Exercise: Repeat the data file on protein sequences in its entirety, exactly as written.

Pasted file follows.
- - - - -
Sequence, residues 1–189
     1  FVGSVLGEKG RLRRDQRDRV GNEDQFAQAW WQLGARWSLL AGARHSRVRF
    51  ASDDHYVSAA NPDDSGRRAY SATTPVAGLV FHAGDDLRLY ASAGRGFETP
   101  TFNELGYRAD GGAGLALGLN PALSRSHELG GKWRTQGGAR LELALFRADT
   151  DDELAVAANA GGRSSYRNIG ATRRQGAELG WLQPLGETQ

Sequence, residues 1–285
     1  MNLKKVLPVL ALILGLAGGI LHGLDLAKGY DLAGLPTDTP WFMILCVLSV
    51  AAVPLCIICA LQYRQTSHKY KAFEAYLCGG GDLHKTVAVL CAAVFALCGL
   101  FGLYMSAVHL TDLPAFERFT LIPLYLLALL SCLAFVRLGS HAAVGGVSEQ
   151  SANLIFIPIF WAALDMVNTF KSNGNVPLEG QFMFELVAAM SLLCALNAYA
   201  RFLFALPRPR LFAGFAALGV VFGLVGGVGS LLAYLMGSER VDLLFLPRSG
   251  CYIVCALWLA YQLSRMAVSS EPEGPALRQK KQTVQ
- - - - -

Sequence, residues 1–189
     1  FVGSVLGEKG RLRRDQRDRV GNEDQFAQAW WQLGARWSLL AGARHSRVRF
    51  ASDDHYVSAA NPDDSGRRAY SATTPVAGLV FHAGDDLRLY ASAGRGFETP
   101  TFNELGYRAD GGAGLALGLN PALSRSHELG GKWRTQGGAR LELALFRADT
   151  DDELAVAANA GGRSSYRNIG ATRRQGAELG WLQPLGETQ

Sequence, residues 1–285
     1  MNLKKVLPVL ALILGLAGGI LHGLDLAKGY DLAGLPTDTP WFMILCVLSV
    51  AAVPLCIICA LQYRQTSHKY KAFEAYLCGG GDLHKTVAVL CAAVFALCGL
   101  FGLYMSAVHL TDLPAFERFT LIPLYLLALL SCLAFVRLGS HAAVGGVSEQ
   151  SANLIFIPIF WAALDMVNTF KSNGNVPLEG QFMFELVAAM SLLCALNAYA
   201  RFLFALPRPR LFAGFAALGV VFGLVGGVGS LLAYLMGSER VDLLFLPRSG
   251  CYIVCALWLA YQLSRMAVSS EPEGPALRQK KQTVQ